WHEN SOLDIERS WOULDN'T FIGHT
I would have made a terrible soldier during the American Revolution. I can imagine staring in disbelief when my infantry commander told me to stand upright, shoulder-to-shoulder with the other soldiers, march out into an open field in a straight line, the British doing the same, and then, when within 30 to 50 yards of each other, shoot a muzzleloader at the soldier across from me, after which I was to reload while the other side fired back. I just wouldn’t have done it. I’m no coward but I can recognize a low percentage of survival. I would have suggested hiding behind a tree or something.
It would have been the same at Gettysburg, when General Lee lined his soldiers up and told them to march a mile across open fields to attack Union troops crouched behind a stone wall, all the while under cannon fire. It looked noble and impressive in the movie Gettysburg, but I ain’t agonna do it.
Or maybe I would have; it would take being there to know the truth. Either way, to die needlessly is a travesty hard to accept.
In reading about the First World War, I found a story of when a great number of soldiers were told to attack and then refused.
The Battle of Verdun, in 1916, was a battle of the French Army versus the German Army in a relatively small area of land northeast of Paris. The Army was first commanded by Marshall Philippe Petain, then by General Robert Nivelle. Fought from February 21st to the 18th of December, it was the longest battle of World War I (302 days) and one of the most costly in human history. There were about 377,000 (163,000 dead) French casualties, while the Germans had about 337,000 (143,000 dead) casualties. It was eventually a French victory because the Germans gave up first, and the battle came to symbolize the determination of the French Army.
There were, however, lasting consequences. Fighting in such a small area devastated the land, resulting in miserable conditions for troops on both sides. Rain and constant artillery bombardments turned the clay soil into a wasteland of mud full of debris and human remains; shell craters filled with water and soldiers risked drowning in them, not to mention the sodden trenches in which they lived. Forests were reduced to tangled piles of wood by artillery fire and eventually obliterated. The effect of the battle on many soldiers was profound and accounts of men breaking down with insanity and shell shock were common. There were many desertions.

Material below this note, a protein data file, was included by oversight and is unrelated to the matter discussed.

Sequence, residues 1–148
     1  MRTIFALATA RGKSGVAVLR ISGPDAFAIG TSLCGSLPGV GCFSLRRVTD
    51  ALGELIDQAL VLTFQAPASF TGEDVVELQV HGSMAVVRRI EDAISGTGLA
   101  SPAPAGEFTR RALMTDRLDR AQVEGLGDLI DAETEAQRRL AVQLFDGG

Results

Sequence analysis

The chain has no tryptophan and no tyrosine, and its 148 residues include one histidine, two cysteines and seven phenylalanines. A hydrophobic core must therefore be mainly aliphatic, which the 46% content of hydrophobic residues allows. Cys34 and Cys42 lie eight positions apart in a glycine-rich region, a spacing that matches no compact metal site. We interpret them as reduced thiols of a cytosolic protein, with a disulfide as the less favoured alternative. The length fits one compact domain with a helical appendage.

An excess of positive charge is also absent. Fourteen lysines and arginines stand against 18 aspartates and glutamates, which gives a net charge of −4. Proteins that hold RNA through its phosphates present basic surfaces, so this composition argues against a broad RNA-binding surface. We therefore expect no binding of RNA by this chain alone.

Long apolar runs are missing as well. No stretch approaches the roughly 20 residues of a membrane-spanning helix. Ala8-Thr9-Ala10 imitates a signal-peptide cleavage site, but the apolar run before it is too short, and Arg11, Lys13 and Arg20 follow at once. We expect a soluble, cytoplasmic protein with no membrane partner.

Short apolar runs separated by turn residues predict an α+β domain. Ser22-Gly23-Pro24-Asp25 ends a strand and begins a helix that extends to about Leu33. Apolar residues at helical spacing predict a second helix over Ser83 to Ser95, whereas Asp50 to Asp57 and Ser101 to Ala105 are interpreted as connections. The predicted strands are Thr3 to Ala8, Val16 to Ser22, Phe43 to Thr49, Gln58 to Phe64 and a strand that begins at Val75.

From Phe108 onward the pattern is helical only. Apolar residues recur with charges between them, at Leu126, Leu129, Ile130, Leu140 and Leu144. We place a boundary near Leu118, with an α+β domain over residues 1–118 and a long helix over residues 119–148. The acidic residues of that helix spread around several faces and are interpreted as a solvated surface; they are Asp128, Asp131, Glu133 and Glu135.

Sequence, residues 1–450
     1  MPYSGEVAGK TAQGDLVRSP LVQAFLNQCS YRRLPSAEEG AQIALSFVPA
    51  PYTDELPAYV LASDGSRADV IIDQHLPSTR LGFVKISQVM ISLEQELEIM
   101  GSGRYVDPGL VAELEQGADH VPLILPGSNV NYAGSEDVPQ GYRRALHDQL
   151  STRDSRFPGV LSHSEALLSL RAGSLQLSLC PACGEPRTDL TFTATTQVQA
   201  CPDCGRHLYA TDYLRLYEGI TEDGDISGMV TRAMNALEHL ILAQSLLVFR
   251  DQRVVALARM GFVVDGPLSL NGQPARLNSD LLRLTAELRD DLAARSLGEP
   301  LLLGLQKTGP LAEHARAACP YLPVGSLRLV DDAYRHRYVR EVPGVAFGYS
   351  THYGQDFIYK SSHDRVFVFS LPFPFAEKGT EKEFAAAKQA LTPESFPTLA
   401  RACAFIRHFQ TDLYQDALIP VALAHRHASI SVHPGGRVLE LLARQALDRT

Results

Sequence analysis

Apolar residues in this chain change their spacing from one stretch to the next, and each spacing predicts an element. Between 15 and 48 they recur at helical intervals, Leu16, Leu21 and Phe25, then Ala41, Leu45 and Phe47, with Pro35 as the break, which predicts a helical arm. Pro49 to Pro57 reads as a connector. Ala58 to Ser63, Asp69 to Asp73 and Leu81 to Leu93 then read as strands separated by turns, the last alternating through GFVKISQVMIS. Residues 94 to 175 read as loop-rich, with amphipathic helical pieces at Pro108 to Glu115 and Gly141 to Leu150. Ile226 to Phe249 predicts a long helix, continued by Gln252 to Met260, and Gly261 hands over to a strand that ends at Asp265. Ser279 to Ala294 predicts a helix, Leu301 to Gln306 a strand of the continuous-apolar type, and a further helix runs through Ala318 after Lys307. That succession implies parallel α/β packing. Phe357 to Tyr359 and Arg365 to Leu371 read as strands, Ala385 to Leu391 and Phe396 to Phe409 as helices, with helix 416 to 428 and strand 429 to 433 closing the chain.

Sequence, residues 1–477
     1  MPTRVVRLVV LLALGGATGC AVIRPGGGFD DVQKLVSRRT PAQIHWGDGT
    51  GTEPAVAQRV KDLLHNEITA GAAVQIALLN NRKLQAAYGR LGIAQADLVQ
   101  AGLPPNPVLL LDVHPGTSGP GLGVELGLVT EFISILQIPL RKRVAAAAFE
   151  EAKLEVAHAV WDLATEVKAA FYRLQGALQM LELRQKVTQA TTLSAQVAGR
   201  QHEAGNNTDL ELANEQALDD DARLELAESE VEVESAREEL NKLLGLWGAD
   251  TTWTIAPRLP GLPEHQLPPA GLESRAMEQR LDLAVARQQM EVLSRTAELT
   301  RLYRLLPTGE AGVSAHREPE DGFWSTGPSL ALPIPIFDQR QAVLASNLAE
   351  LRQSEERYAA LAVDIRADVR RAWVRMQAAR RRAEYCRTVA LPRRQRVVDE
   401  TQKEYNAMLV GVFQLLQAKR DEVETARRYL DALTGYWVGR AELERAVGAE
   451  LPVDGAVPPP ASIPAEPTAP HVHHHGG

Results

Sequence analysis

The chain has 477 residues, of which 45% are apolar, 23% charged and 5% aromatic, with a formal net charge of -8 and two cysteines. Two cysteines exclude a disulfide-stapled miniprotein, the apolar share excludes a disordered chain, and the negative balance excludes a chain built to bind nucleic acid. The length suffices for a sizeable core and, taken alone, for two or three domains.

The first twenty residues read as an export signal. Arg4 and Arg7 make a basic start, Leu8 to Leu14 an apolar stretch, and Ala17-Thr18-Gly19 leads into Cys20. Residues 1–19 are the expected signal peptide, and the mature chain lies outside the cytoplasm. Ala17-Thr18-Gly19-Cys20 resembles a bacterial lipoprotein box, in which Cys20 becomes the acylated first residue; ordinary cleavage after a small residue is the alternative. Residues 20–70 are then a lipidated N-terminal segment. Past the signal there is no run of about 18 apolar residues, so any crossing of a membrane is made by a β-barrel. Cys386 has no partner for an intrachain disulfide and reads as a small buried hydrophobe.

As much as Verdun has to tell, my story happens a few months later, in April of 1917. It was the memories of Verdun that brought about the disobedience in the battlefield.
The situation was again northeast of Paris and was again the Germans versus the French, with the French now on the offensive. In briefing his troops before the battle, General Nivelle promised a war-winning decisive victory that would be accomplished in 48 hours and cost no more than 15,000 casualties.
At the start, morale among the French troops was high and the initial fighting brought substantial gains. They were soon brought to a halt by the newly built and extremely strong defenses of the Hindenburg Line. Nivelle persisted with frontal assaults and by April 25th, the French had suffered nearly 135,000 casualties, including 30,000 dead. Nivelle continued the offensive, but on May 3rd, the 21st Division, which had been involved in some of the heaviest fighting at Verdun, refused orders to go into battle.
They began what is called the French Army Mutinies. Within days, acts of “collective indiscipline” had spread to 54 army divisions (out of 113 total), while a record 27,000 French soldiers deserted. The vast majority of the mutineers were willing to defend their own lines, but refused to participate in offensive actions, indicating the level of distrust in the army leadership.
The French offensive was suspended on May 9th. General Nivelle was removed and Marshall Petain again took over. Petain was more concerned with the improvement of the soldiers than in punishment for the mutinous actions. He set about addressing their needs and improving the morale by talking to the men, promising no more suicidal attacks, providing rest and leave for exhausted units, and moderating discipline. Other demands by the troops included better economic support for families at home, more regular periods of leave, and more liberty when away from combat. The soldiers basically felt that their lives were being disregarded by army leaders.
Because of the low morale in more than half of the French Army, it took until the early months of 1918 for the French infantry to fully recover. Petain's strategy was to keep the line by using artillery units and wait for the arrival and deployment of the soldiers from the United States Army. He also waited for the coming of new and improved versions of the French tank, produced by Renault.
Did the German Army take advantage of the situation and drive hard against the discouraged French troops? In one of the greatest lapses of military intelligence gathering of the war, the Germans didn’t even know about the internal strife. The mutinies were not reported in the press and were not publicly mentioned by the French military. The Germans did not learn of the French Army’s situation until after the war.
Leave a Reply.
Don Willerton has been a reader all his life and yearns to write words like the authors he has read. He's working hard at it and invites others to share their experiences.